Fall 2017

Finding, Evaluating, and Prioritizing GIS Opportunities

By Matthew Lewin, Esri Canada

This article as a PDF.


Building an effective GIS strategy involves identifying meaningful opportunities, determining their value, and setting priorities.

Strategic planning can be tough. Despite all the different tools and guidance available, devising a strategy that is both visionary and practical can seem intimidating. For most, the work required and the fear of failure outweigh the potential benefits. It's no wonder that when it comes to building a GIS strategy (or a location strategy), a lot of managers avoid the exercise altogether.

For some, the problem relates to uncovering meaningful opportunities to use GIS inside their business. For others, it's about showing clearly where and how these opportunities are delivering business value. Still others struggle with prioritizing opportunities and figuring out where to start.

The reality is that an effective GIS strategy addresses each of these requirements, and you have to do a bit of work on all of them. The good news is that getting there is easier than it sounds. With a bit of focus and some flexible tools, we can draw a straight line between opportunities, business value, and priorities. Let's look at three steps for incorporating GIS and location into your business and how to get to the heart of what matters.

Step 1

Uncovering Opportunities

Simply identifying the ways in which GIS can be used is often one of the more challenging steps in building a strategy. With so many options available in the world of geospatial technology, it can be overwhelming to narrow down the potential solutions. At the same time, understanding the numerous functions that a business performs and then recognizing authentic business needs at an enterprise level can be a Herculean task.

Often it's about finding the right “altitude” at which to conduct strategic planning. If we work at the business strategy level, we can be stuck defining GIS solutions that are too abstract to be practical. If we drill down to the business process level, we risk identifying solutions for areas of business that are constantly changing or don't address challenges that cut across the organization.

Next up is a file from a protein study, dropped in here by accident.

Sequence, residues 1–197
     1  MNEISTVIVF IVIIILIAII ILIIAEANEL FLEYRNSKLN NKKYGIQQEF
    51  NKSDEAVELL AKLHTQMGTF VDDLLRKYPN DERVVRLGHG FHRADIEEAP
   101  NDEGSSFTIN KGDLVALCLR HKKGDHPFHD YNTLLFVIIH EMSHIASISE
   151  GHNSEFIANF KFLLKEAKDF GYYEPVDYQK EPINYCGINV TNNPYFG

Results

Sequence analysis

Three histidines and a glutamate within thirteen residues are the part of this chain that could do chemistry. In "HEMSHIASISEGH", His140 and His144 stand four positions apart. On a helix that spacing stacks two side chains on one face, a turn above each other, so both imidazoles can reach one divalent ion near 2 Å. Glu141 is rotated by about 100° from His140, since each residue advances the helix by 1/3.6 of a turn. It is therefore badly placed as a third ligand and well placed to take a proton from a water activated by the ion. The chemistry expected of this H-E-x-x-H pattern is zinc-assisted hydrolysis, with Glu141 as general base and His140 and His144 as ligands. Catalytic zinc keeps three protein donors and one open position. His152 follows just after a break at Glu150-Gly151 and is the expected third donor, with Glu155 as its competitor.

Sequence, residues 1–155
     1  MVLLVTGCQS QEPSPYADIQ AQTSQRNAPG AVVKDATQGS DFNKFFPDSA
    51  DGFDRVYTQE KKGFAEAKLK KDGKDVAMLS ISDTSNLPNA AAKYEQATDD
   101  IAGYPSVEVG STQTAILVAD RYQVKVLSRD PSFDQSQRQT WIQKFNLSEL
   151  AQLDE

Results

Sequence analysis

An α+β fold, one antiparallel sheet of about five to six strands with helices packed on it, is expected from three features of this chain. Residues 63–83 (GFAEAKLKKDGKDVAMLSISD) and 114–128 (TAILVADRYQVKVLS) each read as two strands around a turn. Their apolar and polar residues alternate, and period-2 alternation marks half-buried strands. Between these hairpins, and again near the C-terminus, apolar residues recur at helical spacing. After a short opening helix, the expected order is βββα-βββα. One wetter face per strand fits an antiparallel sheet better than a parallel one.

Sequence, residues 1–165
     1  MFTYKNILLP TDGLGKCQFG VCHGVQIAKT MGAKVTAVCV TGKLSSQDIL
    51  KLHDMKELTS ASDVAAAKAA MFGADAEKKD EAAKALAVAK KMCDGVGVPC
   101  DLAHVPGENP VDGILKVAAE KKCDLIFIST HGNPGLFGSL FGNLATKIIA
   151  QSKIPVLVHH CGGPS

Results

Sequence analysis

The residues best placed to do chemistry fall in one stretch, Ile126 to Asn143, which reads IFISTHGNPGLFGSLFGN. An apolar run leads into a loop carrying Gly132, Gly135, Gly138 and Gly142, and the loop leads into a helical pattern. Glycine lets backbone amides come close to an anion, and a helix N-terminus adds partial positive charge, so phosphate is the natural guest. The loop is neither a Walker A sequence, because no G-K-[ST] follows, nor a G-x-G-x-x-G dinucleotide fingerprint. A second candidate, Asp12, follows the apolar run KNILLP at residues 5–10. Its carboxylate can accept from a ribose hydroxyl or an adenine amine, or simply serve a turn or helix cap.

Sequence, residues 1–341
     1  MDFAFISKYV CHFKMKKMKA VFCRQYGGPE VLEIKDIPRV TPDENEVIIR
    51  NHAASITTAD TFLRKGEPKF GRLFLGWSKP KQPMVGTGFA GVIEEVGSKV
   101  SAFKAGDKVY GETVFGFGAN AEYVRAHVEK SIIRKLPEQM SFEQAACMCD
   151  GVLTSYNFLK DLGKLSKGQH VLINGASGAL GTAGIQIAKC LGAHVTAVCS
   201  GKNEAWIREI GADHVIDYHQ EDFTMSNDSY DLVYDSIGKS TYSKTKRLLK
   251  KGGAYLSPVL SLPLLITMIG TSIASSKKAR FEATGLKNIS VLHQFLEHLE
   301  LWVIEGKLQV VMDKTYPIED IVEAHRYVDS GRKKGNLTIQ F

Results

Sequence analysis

What we need is a structured way of matching the core capabilities of an enterprise GIS platform with the core capabilities of the business. Fortunately, there's an effective way to do this. The process involves mapping the core GIS patterns of use to an organization's business capability model.

The core GIS patterns of use represent the common geospatial functions that recur across organizations and are supported by most GIS platforms. Consider these patterns the essential capabilities of modern GIS that are enabled by a vast ecosystem of geospatial technologies.

Business capabilities are the key abilities of an organization. They are an articulation of what an organization must achieve to fulfill its mission as opposed to how it achieves it. In practice, capabilities are composed of people, processes, technology, and governance. Because business capabilities are connected to business outcomes, they can be measured for performance. This is key to mapping GIS solutions to the organizational need.

As an example, let's look at the business capability model for a property and casualty insurance company. Insurance companies insure property owners against liabilities and risks related to ownership of property. The model breaks down the capabilities of the business into three core areas: core value creating, operational, and shared capabilities. Each capability can be broken down further into subcapabilities. For this example, let's pick customer service and look at an important facet of customer service in the insurance industry: claims management.

Table 1: The GIS patterns of use.

In general, claims management involves intake, investigation, negotiation, and settlement of insurance claims. From the filing of a claim to its final payout, insurance companies spend considerable effort managing and improving how the claim is handled to ensure a high level of customer service.

Identifying where and how GIS can be used to support this function is a process of mapping the GIS patterns of use to claims management business capabilities.

Table 2 shows how patterns are mapped to business capabilities. Look at all these opportunities—and these are only some of the possibilities. Let's look at each capability area in turn.

Table 2: Mapping GIS patterns

Claims intake is the ability to manage the notification, assignment, and actions relating to an incoming insurance claim. GIS is ideally suited to support this area. Maps of claims locations categorized by the event type allow the business to manage and expedite claims as an overall event situation. Predictive parsing of social media posts lets the business anticipate the location and impact of insurance events. Claims forecasting models anticipate claims by event and location. Predictive loss exposure models estimate losses based on the known loss exposure for a given area.